Whether you are in a fixed term tenancy or a periodic tenancy, giving notice in the correct way is crucial prior to ending your tenancy - if you don’t, you might risk losing your deposit or paying rent after you’ve moved out.
Here are a few tips to help you serve your notice correctly:
Your tenancy agreement should have set out a notice period. If it doesn’t include a notice period, you should give your landlord at least 1 month’s notice for a monthly tenancy; 4 week’s notice for a weekly tenancy.
Your notice should end on the first or last day of your tenancy period (you can find this information on your tenancy agreement), which isn’t necessarily the day your rent is due. If you don’t supply the correct date for when your notice period ends, your letter will be considered invalid.
If you have a fixed term tenancy, you will have to pay your rent until your fixed term ends. You may be allowed to end your tenancy early if it is stated in your tenancy agreement or if you have your landlord’s permission.
If a break clause is stated in your tenancy agreement, it is essential to read through it carefully to make sure any other conditions are expected to be met prior to ending your tenancy - such as having a clean rent history without any arrears.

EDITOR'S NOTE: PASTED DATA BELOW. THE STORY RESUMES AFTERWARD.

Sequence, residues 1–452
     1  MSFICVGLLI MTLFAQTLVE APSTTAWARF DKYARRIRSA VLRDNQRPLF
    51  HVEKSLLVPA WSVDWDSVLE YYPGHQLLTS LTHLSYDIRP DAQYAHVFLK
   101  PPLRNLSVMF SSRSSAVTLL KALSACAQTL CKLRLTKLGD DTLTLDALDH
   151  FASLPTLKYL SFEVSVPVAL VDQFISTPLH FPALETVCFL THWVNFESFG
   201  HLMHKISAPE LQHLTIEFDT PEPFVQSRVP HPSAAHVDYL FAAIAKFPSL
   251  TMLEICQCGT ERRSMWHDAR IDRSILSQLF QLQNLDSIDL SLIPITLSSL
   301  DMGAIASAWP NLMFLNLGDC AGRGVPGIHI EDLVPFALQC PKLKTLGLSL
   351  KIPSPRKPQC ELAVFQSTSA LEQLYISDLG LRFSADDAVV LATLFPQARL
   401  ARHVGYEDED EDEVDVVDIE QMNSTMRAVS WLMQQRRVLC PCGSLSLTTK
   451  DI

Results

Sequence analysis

A periodic tenancy is when your agreement doesn’t include a set tenancy end date, or when you have stayed after a fixed end date stated but did not agree to a further fixed term. It either rolls on a monthly or weekly basis, depending on your agreement.
In this case, you will need to pay your rent until the end of your notice period.
The notice letter should include your name and address, your landlord’s name and address and the date your notice period ends.
A notice letter should be given to your landlord by post or by hand, unless the tenancy agreement states that emails or other written formats are accepted. It’s also important to keep a copy of your letter and get your proof of delivery for any potential disagreement in the future.
A joint tenancy means there is more than one tenant’s name stated in the agreement.
If you wish to end a joint tenancy, any one of the tenants included in the agreement can provide the notice letter to the landlord. It will be valid for every tenant in the joint tenancy. If other tenants on the joint agreement would like to stay, a new tenancy agreement can be discussed with the landlord.
If you don’t provide a notice letter to your landlord, your tenancy is not considered ‘ended’. You may get a court order for the rent you owe - you might also be responsible for paying the court costs. On top of these costs, there is a high risk that you will not get your deposit back.
Without giving the correct notice, your relationship with the landlord could be negatively affected, which makes it more challenging to obtain a reference from your landlord when you are on the hunt for a new home.Coming to the end of your tenancy and looking for a new home? You can search for your next home here, or sign up for property alerts.